Sitting inside the musky lounge of The Thirsty Scholar, located on-campus of the prestigious Harvard University, Mark Zuckerberg (Jessie Eisenberg) engages in conversation with his girlfriend, Erica Albright (Rooney Mara), over a pair of beers.
It goes awry, and within an hour, a now-single and exceedingly intoxicated Zuckerberg retreats to his dorm, where he converts his bottled frustrations into LiveJournal blog posts, lashing out at his ex-girlfriend over her personality and cup size. But blogging isn’t quite satisfying enough. That’s when he gets an idea.
Facemash.com is created then, a rainy night in 2003. Zuckerberg hacks the school’s databases for headshot photos and launches his website, which allows students to compare campus girls and rate who’s hotter. The site’s popularity explodes overnight, causing the Harvard network to crash. Zuckerberg gets heat from the administrative board, but he also earns the attention of twins Cameron and Tyler Winklevoss (Armie Hammer), affluent twin students who belong to one of the exclusive clubs Zuckerberg is so desperate to get into.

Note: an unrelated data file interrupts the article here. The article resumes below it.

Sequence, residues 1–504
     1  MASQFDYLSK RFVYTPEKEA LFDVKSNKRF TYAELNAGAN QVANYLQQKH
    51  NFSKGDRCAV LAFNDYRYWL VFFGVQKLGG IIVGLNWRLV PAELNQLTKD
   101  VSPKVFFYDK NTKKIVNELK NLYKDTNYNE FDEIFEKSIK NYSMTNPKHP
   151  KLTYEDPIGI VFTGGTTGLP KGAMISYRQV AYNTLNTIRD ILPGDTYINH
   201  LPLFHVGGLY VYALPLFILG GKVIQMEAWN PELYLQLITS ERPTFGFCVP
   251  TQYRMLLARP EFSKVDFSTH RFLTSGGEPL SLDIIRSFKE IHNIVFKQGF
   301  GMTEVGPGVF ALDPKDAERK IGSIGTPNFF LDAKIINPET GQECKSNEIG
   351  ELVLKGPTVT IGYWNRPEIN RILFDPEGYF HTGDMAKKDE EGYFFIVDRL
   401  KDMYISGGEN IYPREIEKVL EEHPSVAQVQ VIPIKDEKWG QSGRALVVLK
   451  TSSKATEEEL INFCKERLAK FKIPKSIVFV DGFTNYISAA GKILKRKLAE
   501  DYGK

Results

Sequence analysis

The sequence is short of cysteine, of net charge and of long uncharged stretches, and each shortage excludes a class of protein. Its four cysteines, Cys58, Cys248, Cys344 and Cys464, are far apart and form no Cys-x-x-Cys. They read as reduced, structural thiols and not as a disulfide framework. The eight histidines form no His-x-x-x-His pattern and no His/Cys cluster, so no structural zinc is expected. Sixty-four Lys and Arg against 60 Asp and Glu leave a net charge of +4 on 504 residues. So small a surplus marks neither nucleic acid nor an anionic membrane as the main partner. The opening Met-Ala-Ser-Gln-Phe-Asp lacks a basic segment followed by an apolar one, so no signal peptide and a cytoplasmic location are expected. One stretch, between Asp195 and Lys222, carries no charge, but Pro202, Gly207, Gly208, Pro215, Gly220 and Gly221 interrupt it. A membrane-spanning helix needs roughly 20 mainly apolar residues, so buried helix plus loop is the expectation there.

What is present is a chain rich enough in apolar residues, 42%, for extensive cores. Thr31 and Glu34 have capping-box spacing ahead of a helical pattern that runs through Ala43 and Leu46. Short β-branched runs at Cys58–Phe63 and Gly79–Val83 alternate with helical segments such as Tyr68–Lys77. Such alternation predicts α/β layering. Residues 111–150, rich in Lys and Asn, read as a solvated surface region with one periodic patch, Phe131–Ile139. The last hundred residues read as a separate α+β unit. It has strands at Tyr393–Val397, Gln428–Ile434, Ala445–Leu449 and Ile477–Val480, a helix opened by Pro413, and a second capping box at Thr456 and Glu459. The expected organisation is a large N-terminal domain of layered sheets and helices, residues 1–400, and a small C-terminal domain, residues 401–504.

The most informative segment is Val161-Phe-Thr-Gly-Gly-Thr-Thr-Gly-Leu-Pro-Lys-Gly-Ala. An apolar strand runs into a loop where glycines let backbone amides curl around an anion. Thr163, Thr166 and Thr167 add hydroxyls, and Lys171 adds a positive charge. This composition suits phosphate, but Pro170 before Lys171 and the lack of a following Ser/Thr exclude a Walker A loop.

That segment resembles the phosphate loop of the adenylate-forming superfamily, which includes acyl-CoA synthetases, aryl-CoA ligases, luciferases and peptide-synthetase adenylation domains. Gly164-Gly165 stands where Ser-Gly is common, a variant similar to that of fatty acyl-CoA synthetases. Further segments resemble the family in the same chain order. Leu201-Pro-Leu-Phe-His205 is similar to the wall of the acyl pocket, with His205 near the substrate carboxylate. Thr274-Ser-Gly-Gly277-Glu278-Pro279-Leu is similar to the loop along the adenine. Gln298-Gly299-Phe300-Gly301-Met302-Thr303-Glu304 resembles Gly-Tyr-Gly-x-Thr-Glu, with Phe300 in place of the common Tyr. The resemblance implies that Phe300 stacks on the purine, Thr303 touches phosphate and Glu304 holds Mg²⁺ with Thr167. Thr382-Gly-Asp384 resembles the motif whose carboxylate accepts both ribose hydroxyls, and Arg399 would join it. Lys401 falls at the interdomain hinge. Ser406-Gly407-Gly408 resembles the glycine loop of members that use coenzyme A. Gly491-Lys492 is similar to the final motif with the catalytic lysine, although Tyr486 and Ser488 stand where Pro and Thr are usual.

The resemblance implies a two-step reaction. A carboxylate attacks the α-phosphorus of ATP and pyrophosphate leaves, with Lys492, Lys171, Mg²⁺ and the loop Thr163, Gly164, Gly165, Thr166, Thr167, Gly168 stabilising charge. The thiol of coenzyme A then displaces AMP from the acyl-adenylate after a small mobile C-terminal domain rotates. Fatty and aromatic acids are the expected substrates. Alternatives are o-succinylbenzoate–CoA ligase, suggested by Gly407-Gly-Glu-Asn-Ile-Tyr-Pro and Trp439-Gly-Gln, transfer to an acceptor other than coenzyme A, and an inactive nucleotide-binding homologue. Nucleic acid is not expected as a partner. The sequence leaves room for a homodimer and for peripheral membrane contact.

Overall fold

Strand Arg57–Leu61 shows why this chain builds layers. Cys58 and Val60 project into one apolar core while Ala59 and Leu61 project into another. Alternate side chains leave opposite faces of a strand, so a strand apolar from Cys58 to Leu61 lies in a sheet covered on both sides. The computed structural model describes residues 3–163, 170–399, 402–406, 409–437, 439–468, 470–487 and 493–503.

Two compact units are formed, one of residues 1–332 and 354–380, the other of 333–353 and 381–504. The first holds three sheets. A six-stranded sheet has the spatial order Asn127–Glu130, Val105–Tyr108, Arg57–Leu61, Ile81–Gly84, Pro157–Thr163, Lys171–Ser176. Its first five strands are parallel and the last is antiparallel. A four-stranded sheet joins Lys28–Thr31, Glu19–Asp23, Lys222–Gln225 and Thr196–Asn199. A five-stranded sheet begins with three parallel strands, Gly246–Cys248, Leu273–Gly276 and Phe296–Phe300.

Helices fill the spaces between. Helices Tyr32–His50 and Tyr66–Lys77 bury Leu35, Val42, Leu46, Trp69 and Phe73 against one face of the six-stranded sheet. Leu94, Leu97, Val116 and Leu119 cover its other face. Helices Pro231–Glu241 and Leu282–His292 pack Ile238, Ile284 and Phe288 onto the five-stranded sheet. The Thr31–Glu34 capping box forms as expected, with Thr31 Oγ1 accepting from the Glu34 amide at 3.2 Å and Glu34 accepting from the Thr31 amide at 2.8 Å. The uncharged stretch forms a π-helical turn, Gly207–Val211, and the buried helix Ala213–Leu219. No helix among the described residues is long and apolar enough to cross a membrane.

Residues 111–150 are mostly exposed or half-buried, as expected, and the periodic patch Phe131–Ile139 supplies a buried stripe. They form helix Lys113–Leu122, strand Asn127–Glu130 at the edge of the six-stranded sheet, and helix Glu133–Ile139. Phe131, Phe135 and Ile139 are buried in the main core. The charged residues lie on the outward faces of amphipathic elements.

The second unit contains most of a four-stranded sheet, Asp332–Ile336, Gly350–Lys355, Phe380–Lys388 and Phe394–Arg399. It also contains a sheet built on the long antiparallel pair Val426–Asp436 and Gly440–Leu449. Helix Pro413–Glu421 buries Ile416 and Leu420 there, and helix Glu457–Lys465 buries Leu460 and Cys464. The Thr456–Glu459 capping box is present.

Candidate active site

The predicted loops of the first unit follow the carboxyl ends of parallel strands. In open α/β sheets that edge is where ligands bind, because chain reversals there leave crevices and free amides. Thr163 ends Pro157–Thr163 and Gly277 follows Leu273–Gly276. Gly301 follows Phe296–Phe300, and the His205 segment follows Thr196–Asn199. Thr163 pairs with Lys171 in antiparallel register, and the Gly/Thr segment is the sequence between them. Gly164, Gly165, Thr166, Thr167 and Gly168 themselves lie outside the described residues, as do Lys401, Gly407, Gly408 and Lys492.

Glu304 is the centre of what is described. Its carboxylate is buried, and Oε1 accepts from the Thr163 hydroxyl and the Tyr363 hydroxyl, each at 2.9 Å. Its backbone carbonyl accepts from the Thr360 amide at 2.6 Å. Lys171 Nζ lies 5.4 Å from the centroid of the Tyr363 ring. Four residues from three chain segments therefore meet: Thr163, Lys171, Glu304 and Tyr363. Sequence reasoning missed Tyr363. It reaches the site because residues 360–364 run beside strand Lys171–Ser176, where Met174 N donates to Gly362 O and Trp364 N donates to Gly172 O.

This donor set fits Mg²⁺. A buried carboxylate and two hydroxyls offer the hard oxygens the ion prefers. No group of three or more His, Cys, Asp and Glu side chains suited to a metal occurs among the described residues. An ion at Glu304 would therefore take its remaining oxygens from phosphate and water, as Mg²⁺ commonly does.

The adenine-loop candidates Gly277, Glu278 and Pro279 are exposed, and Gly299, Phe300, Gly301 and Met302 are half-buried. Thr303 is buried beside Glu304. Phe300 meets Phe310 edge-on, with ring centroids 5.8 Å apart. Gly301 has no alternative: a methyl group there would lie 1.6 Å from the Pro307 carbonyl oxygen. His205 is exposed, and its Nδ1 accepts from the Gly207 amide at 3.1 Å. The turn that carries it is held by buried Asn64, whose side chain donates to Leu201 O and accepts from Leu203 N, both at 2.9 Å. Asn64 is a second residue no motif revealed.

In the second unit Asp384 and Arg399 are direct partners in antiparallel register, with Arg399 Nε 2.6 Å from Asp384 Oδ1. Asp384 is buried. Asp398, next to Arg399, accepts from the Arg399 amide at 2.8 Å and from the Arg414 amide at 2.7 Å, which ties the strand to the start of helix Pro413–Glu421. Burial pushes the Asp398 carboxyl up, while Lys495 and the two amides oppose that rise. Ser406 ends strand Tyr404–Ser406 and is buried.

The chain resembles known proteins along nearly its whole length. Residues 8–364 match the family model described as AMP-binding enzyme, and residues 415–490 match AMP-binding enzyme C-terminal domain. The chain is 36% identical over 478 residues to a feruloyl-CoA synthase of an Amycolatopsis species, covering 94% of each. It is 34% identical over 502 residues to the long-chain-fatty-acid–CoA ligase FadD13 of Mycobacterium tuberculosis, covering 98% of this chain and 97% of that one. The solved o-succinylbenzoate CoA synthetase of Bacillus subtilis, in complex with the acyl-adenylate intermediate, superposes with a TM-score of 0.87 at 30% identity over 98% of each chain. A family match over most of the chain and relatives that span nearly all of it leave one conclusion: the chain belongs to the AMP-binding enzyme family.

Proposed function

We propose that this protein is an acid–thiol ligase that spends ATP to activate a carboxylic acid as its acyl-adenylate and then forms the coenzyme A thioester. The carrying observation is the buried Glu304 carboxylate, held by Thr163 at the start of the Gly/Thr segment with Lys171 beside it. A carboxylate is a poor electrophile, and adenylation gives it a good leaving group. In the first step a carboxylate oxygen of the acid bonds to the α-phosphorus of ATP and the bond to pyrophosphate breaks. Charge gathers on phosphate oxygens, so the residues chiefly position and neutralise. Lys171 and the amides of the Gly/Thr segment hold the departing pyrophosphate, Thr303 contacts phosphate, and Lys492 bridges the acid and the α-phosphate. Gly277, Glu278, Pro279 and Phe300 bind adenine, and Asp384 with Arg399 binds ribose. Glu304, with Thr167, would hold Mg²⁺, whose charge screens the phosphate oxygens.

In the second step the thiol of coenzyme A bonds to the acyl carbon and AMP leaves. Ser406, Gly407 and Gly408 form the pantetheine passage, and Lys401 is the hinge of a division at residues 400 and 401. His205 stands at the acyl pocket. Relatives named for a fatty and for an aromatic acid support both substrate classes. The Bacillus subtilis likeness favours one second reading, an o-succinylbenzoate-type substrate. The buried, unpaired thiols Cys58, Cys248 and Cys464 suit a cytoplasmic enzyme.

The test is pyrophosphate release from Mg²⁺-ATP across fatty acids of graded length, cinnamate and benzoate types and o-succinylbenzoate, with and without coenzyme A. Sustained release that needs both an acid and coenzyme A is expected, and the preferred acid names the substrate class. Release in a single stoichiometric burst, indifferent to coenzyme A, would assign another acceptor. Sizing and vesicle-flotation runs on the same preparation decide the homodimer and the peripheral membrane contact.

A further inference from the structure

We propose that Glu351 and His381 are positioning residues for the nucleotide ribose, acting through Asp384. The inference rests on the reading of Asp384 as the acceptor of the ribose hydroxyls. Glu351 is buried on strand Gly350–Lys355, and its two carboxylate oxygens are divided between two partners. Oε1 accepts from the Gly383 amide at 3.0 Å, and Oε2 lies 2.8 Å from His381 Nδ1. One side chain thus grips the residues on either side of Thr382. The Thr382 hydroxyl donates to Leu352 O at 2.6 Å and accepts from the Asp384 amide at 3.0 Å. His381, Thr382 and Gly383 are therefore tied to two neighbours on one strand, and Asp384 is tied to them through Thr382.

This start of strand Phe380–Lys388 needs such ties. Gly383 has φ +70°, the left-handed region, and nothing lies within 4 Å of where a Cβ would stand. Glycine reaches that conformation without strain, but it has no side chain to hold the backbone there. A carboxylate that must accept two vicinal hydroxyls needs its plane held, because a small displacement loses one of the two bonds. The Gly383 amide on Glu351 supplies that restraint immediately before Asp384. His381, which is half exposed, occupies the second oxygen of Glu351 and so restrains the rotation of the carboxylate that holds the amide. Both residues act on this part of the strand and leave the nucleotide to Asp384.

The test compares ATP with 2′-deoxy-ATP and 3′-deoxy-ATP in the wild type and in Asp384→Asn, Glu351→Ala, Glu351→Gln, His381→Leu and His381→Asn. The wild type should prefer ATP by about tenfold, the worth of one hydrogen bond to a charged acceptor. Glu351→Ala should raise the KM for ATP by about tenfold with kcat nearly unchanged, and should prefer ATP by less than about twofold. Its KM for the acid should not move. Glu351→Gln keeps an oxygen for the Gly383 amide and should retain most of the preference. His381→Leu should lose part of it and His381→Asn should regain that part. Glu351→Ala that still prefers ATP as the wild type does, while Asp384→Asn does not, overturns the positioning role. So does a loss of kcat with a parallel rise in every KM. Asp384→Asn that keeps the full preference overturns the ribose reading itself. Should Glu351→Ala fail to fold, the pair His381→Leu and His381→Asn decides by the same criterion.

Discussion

They explain their concept, a social network for Harvard students called HarvardConnection, but need Zuckerberg for programming. He agrees, but ends up doing his own thing: The Facebook. This is where things spiral out of control.
Amidst a firestorm of legal complications, a life-changing meeting with Napster founder Shawn Fanning (Justin Timberlake), and the social effects of unanticipated campus fame, Zuckerberg finds himself at the nexus of a chain of events no one can forecast: The forging of Facebook, a half-million, 25-billion dollar social revolution.
But what makes The Social Network so excellent is the fact that Facebook, as we know it today, is actually irrelevant. The Social Network is founded on ordinary pillars of a young student’s life, like popularity and recognition and girls, that collapse under the weight of something so much bigger than anyone initially expected. Bleeding friendships stain the intricately woven fabric that makes up The Social Network, as flashbacks deftly immerse you in Zuckerberg’s world before a more modern reality sucker-punches you into realizing just how big a deal Facebook is.
You don’t have to like Facebook, or hate it, to enjoy this movie. You don’t even have to know what it is—although you obviously do. You only have to watch it. Skeptics welcome.
Rating: 4.5 out of 5.